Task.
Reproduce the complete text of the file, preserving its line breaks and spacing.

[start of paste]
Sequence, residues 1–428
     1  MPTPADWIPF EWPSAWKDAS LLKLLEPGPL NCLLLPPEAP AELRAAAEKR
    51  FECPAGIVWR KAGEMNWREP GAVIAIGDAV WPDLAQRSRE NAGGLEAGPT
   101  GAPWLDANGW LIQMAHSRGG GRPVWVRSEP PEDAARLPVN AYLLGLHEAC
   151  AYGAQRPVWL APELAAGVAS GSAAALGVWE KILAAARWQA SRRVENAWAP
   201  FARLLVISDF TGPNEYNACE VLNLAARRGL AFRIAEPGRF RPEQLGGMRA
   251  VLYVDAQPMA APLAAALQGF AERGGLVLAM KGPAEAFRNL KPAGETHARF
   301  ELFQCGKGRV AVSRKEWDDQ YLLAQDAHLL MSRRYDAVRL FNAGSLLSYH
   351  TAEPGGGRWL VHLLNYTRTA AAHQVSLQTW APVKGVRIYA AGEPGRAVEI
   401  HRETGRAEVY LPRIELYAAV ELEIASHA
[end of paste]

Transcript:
Sequence, residues 1–428
     1  MPTPADWIPF EWPSAWKDAS LLKLLEPGPL NCLLLPPEAP AELRAAAEKR
    51  FECPAGIVWR KAGEMNWREP GAVIAIGDAV WPDLAQRSRE NAGGLEAGPT
   101  GAPWLDANGW LIQMAHSRGG GRPVWVRSEP PEDAARLPVN AYLLGLHEAC
   151  AYGAQRPVWL APELAAGVAS GSAAALGVWE KILAAARWQA SRRVENAWAP
   201  FARLLVISDF TGPNEYNACE VLNLAARRGL AFRIAEPGRF RPEQLGGMRA
   251  VLYVDAQPMA APLAAALQGF AERGGLVLAM KGPAEAFRNL KPAGETHARF
   301  ELFQCGKGRV AVSRKEWDDQ YLLAQDAHLL MSRRYDAVRL FNAGSLLSYH
   351  TAEPGGGRWL VHLLNYTRTA AAHQVSLQTW APVKGVRIYA AGEPGRAVEI
   401  HRETGRAEVY LPRIELYAAV ELEIASHA